The fastest way to lose your blogging clients is to be late and/or drop the ball completely. If they want a post every Friday by 5 p.m., you better make sure they get their posts every Friday by 5 p.m.! Bonus points if you’re early because then they really know they can rely on you.

Research your topics.

Want to understand jet lag so you can ghost blog for travel specialists? Fly to Thailand, like my husband and I did earlier this year. It’ll make you a better blogger.
Want to understand jet lag so you can ghost blog for travel specialists? Fly to Thailand, like my husband and I did earlier this year. It’ll make you a better blogger.

If you’re writing for a photographer, you’ll need to research their photography and the photography topics they want to cover in their blog posts extensively so you can write with authority. With their byline on the post, their reputation is on the line. I suggest going after clients who need the type of content you already know about. It will make your life much easier.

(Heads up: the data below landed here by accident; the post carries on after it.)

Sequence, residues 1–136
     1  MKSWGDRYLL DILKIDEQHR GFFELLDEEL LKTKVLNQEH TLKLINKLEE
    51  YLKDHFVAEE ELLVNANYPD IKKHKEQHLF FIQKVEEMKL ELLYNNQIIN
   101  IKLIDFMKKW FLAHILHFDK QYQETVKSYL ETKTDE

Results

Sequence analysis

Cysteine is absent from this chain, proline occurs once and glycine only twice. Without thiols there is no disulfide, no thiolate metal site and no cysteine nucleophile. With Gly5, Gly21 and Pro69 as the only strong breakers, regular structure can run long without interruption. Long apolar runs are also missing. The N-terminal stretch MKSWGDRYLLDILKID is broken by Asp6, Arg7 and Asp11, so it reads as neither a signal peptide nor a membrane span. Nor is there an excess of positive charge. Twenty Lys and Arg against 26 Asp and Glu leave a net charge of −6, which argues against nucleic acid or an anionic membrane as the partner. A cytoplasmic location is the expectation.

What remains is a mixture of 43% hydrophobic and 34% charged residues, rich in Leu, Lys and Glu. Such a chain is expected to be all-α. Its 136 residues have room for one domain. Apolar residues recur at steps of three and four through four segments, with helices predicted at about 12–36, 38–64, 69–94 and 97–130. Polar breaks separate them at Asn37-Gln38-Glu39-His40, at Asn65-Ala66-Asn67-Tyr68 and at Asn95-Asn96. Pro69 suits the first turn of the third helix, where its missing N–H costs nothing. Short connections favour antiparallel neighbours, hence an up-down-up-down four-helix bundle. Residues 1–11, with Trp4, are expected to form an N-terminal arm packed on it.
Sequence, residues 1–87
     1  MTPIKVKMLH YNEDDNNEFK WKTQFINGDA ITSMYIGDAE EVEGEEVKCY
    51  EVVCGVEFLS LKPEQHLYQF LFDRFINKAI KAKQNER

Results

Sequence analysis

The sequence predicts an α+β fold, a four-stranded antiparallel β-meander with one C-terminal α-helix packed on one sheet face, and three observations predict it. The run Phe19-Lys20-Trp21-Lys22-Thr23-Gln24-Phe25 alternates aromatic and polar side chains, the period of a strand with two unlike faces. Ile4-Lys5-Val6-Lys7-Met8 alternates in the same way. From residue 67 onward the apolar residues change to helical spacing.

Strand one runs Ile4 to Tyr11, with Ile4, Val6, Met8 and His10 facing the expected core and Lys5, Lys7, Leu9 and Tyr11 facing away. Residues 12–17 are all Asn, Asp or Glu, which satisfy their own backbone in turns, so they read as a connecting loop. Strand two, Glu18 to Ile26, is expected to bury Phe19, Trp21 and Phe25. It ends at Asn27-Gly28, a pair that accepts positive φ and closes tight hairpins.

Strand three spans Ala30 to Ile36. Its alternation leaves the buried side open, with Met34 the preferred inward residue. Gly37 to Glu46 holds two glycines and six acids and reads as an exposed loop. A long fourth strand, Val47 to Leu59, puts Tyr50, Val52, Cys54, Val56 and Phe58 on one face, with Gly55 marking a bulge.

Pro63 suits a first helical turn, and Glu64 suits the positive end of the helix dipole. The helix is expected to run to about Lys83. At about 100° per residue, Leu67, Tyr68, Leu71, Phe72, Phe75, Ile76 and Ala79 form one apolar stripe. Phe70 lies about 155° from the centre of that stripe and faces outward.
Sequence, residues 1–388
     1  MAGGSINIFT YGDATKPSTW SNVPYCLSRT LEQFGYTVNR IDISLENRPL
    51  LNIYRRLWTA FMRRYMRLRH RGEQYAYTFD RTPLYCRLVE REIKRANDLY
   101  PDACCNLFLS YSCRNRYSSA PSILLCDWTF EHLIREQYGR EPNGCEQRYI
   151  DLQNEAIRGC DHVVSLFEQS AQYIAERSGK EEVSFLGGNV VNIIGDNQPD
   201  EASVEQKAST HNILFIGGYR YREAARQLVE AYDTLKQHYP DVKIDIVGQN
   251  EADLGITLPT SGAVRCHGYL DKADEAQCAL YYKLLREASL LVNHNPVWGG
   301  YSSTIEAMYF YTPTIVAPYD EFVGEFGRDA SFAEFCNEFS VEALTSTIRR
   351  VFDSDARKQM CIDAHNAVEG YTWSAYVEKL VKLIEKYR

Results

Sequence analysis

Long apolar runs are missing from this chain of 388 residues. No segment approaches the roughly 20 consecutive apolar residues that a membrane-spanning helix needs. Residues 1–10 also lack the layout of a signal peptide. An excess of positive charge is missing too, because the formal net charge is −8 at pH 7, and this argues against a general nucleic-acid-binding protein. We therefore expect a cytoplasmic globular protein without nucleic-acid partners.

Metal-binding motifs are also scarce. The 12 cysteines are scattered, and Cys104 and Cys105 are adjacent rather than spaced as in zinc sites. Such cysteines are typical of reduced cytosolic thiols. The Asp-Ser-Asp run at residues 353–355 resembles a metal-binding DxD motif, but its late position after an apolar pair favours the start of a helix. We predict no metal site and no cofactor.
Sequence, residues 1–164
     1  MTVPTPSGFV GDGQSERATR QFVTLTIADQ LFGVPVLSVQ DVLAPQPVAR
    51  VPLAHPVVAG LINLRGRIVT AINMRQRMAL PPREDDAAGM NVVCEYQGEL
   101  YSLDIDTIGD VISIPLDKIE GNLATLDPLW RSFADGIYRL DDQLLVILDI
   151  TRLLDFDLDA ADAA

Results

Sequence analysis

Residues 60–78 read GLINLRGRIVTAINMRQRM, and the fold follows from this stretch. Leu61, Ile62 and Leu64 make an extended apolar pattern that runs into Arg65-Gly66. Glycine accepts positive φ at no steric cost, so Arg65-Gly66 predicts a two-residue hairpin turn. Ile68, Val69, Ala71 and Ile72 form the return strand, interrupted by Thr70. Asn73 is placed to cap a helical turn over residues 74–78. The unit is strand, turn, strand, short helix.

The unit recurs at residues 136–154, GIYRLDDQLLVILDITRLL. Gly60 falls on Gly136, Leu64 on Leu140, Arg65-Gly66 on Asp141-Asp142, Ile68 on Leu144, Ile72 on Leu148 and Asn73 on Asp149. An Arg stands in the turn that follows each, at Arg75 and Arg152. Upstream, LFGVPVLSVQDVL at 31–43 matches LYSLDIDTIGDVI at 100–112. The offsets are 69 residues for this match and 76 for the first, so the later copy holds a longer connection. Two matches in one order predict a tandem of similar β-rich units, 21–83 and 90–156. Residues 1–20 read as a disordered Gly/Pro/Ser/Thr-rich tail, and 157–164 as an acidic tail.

When I started writing for travel agents I had to do a ton of research that might not have taken so much of my time if I’d initially known more about the travel industry than how to book a ticket online. After a year of working with and ghostwriting for travel agents, I’m still learning and doing quite a bit of research — but at least I have a better grip on the subject. My industry-specific know-how now helps me assist in coming up with post ideas and knowing where to go to even begin the research process.

Learn your client’s voice.

The whole point of ghostwriting is to allow your client to take the credit. If they would never use certain quotes or say certain things — like “dude” or “awesome” or “put a pin in it” — you’ll need to adapt to their way of writing. For example, one of my clients hates the phrase “not so much” and another doesn’t like any references to tofu in her healthy eating blog posts. In the beginning you need to interview your client thoroughly to learn how they talk and what they want to get out there to their readers. Both your credibility and your profit margin shrink every time you have to revise a draft because the voice is off.

You have to keep a secret.